As the World Bank released a new report on the impacts of climate change and is due to discuss its energy focus, it defended its engagement in fossil fuels, including the Kosovo coal power plant.
In late February the World Bank's private sector arm, the International Finance Corporation (IFC) and the European Bank for Reconstruction and Development (EBRD) boards decided to spearhead a $4 billion dollar syndicated loan to a copper, gold and silver mine located in the Gobi Desert in Mongolia. An increasing number of people believe that it is going to lead Mongolia to dependence on one product and one corporation, driving the country into deep insecurity.
The World Bank has revealed details of its new climate change strategy, including promotion of carbon markets despite concerns from indigenous groups. While new conversations about the Bank's energy investments are anticipated, further criticisms were made over its involvement in fossil fuels and hydropower projects
Following a year of violence associated with IFC-funded mining projects, the IFC's mining investments in Guatemala, Mongolia, Peru and Colombia are still provoking controversy.
The International Centre for Settlement of Investment Disputes (ICSID), an arm of
As the World Bank president became more vocal about climate change, concerns remain about the Bank's involvement in fossil fuels, including projects in Mongolia and Central Asia, and questions have been raised about its accountability for hydro projects in India and Guatemala.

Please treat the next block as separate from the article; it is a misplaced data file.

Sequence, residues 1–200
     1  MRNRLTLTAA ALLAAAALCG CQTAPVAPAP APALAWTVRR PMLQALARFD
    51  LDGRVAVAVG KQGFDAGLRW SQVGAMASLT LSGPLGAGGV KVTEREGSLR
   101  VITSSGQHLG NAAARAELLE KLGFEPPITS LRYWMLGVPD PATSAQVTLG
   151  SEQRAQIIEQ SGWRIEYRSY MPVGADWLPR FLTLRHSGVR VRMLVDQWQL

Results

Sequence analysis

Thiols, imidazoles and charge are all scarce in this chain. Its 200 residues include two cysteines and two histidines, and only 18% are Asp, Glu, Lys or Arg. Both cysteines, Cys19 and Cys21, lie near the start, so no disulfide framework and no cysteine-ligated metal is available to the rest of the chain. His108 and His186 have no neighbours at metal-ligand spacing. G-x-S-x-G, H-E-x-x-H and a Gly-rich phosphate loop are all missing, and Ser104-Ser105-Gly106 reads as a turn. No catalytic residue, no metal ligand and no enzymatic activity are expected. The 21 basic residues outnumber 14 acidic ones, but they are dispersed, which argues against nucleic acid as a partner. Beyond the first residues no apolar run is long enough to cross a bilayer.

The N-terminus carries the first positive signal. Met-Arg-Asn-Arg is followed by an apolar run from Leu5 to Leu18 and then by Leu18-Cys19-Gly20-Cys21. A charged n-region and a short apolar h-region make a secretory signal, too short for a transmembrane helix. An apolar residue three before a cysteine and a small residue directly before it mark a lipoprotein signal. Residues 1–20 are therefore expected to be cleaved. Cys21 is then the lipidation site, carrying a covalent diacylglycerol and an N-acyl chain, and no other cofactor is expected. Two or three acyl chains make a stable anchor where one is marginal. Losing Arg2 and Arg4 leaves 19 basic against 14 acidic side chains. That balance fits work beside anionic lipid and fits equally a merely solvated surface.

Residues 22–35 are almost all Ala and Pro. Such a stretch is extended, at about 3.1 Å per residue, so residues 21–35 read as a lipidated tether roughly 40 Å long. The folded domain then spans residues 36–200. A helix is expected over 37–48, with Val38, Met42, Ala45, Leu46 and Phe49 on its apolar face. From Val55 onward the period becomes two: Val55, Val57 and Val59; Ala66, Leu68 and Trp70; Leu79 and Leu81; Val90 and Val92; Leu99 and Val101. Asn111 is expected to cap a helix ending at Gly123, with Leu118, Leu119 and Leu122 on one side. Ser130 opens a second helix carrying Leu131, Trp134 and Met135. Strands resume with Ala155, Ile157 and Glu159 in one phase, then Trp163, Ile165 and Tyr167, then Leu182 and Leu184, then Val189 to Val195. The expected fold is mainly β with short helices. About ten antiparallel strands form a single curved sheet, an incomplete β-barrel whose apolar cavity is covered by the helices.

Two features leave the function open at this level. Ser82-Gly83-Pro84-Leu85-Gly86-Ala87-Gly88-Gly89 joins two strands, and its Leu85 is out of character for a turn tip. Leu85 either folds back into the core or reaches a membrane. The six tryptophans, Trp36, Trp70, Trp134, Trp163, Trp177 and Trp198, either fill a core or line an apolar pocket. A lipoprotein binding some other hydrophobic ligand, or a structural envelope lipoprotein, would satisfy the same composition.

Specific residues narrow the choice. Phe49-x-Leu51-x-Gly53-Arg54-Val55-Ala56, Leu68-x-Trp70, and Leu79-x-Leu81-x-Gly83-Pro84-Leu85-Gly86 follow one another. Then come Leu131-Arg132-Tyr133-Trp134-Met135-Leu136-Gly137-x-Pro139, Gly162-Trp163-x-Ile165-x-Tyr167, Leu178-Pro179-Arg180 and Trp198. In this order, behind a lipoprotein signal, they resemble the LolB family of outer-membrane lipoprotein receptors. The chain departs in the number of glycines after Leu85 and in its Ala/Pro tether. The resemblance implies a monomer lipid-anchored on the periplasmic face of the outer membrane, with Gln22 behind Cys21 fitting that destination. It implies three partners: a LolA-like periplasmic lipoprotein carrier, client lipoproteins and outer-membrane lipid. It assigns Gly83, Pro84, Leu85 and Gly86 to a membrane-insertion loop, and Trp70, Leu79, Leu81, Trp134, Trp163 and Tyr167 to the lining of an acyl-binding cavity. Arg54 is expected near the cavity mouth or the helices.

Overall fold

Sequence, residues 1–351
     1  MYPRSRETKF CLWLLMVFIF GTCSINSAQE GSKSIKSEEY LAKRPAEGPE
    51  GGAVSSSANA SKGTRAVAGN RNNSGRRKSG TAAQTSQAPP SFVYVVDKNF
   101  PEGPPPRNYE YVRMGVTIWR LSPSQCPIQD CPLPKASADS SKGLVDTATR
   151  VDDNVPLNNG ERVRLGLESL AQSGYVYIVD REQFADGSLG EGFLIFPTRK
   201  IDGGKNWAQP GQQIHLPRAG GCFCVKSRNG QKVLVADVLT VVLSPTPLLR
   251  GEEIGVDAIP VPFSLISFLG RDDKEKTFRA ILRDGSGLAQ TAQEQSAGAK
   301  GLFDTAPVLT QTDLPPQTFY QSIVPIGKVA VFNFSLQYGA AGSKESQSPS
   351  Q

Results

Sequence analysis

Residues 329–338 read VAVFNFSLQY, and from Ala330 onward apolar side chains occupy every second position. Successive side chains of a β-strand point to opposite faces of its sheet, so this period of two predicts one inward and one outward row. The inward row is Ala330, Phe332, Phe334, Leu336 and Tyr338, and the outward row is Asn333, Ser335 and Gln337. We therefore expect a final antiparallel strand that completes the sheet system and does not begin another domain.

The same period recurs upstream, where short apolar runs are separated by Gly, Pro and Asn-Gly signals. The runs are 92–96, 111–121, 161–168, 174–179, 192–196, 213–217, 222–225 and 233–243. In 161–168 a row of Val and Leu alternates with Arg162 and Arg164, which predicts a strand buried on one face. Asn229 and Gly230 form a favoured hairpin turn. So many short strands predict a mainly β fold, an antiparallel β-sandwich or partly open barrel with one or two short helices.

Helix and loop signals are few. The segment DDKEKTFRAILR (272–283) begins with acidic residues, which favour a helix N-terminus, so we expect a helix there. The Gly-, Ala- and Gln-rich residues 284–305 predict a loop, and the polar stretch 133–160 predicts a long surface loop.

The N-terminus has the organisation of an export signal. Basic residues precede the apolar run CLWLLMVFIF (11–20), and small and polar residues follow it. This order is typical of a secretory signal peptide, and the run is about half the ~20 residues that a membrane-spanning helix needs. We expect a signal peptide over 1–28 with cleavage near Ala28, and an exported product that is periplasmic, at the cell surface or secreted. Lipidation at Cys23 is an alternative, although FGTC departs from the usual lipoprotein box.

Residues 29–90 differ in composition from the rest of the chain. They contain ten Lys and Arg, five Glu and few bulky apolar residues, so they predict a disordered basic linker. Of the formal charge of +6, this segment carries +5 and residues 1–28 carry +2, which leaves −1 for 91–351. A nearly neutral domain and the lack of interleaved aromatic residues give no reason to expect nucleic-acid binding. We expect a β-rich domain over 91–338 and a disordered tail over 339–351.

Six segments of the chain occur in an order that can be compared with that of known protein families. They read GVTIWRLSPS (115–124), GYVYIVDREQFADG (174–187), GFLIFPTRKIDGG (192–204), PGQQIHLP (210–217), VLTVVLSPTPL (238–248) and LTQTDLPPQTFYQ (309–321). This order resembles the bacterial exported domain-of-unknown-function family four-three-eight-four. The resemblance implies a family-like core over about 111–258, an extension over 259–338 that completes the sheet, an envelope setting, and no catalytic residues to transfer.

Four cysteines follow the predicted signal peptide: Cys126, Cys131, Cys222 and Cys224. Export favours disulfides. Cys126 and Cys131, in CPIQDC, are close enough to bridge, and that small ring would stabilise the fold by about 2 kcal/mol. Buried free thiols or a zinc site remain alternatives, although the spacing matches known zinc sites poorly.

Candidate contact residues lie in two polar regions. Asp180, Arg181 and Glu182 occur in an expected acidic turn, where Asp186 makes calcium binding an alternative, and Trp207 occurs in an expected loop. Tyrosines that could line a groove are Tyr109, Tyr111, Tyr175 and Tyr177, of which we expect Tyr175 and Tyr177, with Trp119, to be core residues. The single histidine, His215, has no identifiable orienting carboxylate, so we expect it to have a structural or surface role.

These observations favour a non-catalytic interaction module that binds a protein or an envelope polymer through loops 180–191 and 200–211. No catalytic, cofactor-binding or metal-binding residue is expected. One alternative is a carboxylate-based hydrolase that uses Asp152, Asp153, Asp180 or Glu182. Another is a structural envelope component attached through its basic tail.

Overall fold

The World Bank's Inspection Panel compliance body received two complaints in December relating to the Sustainable Development of Natural Resources Project in Afghanistan.
A new Bank report warns about the impacts of climate change, but concerns have been raised about its own track record. While the Bank has increased its renewable energy share, its continued funding of fossil fuels and focus on large scale dams remain controversial.
In October, Mongolian herdsmen took a complaint to the Compliance Advisor/Ombudsman, the International Finance Corporation's (IFC) accountability mechanism, against the Oyu Tolgoi mine being considered for World Bank support.
In November, the Compliance Advisor/ Ombudsman (CAO), the accountability mechanism for the Bank's private sector arm, published its assessment of a 2011 complaint from a Chadian group of NGOs on behalf of local inhabitants and communities affected by a pipeline in Chad.